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KAZA, Botswana receive praise as elephants make red list

MQONDISI DUBE
Different strokes: While globally, elephant populations are declining, in Botswana numbers are stable and rising PIC: THALEFANG CHARLES
A global conservation body recently listed African elephants as endangered, sparking local concerns over the future of elephant hunts.

Botswana’s hunting season opened this week Monday, amid optimism from the hunting safari companies and local professional hunters, despite last month’s decision to put elephants on the red list.

It has been a dry period between 2014 and 2019 as the country was under a hunting moratorium. However, President Mokgweetsi Masisi lifted the ban, largely driven by the desire to see communities benefit from wildlife resources.

The decision came during a period when the country was recording an increase in human-wildlife conflict, with Botswana’s elephant herd at more than 130,000 against a holding capacity of 55,000. Last year, the coronavirus (COVID-19) played havoc on the first hunting season since the ban was lifted. International hunters, who bring in the much-needed revenue, could not travel due to restrictions put in place to fight the pandemic.

This year, as hunters dusted their rifles in preparation for the first kill, the country was rocked by the news that the International Union for Conservation of Nature (IUCN) had listed the African savanna and forest elephants as endangered and critically endangered, respectively.

Poaching and loss of habitat were cited as the major factors for the decline in populations across the continent. But IUCN indicated while the numbers were dwindling at an alarming rate elsewhere, the situation was different in Botswana and other Kavango Zambezi Transfrontier Conservation Area (KAZA) states, which is home to the world’s largest elephant population.

IUCN took note of KAZA’s concerted elephant conservation and management efforts.

“Despite the overall declining trend of both African elephant species, the assessments also highlight the impact of successful conservation efforts. Anti-poaching measures on the ground, together with more supportive legislation and land use planning, which seeks to foster human-wildlife coexistence, have been key to successful elephant conservation. As a result, some forest elephants have stabilised in well-managed conservation areas in Gabon and the Republic of Congo. Savanna elephant numbers have also been stable or growing for decades, especially in the Kavango-Zambezi Transfrontier Conservation Area, which harbours the largest subpopulation of this species on the continent,” the IUCN report notes.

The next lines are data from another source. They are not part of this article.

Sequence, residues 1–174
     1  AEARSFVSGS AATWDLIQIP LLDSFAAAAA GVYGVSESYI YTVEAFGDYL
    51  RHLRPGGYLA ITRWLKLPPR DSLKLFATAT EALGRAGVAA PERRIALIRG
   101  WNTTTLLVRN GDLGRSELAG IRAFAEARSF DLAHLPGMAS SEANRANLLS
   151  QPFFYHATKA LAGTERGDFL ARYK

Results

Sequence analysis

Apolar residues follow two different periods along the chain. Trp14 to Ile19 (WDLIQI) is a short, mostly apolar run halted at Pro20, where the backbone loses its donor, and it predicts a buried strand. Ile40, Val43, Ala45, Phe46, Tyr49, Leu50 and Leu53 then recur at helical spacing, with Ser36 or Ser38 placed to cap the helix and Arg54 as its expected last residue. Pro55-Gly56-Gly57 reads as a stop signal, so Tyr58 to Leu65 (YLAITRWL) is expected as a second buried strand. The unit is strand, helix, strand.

Co-chair of the IUCN’s African Elephant Specialist Group, Ben Ouma-Okita told Mmegi that countries like Botswana, which have more numbers, are at liberty to use their domestic policies to manage populations.

Botswana’s director of Wildlife and National Parks, Kabelo Senyatso acknowledged the importance of the IUCN Red List and said the country uses the ratings as one of several tools in determining wildlife management. He, however, said the IUCN report assessed global extinction rather than country risk. The decision to red list the elephants, therefore, will not affect Botswana’s domestic policies, he said.

“The IUCN Red List assesses ‘extinction risk’, and does not regulate trade nor make any policy recommendations on trophy hunting, trade and/or off-take; this is because international wildlife trade is under the jurisdiction of the Convention on International Trade in Endangered Species (CITES), which is an international agreement between governments.

“On the other hand, IUCN is a Non-Governmental Organisation whose mission is to “influence, encourage and assist societies to conserve the integrity and diversity of nature and ensure that any use of natural resources is equitable and ecologically sustainable”.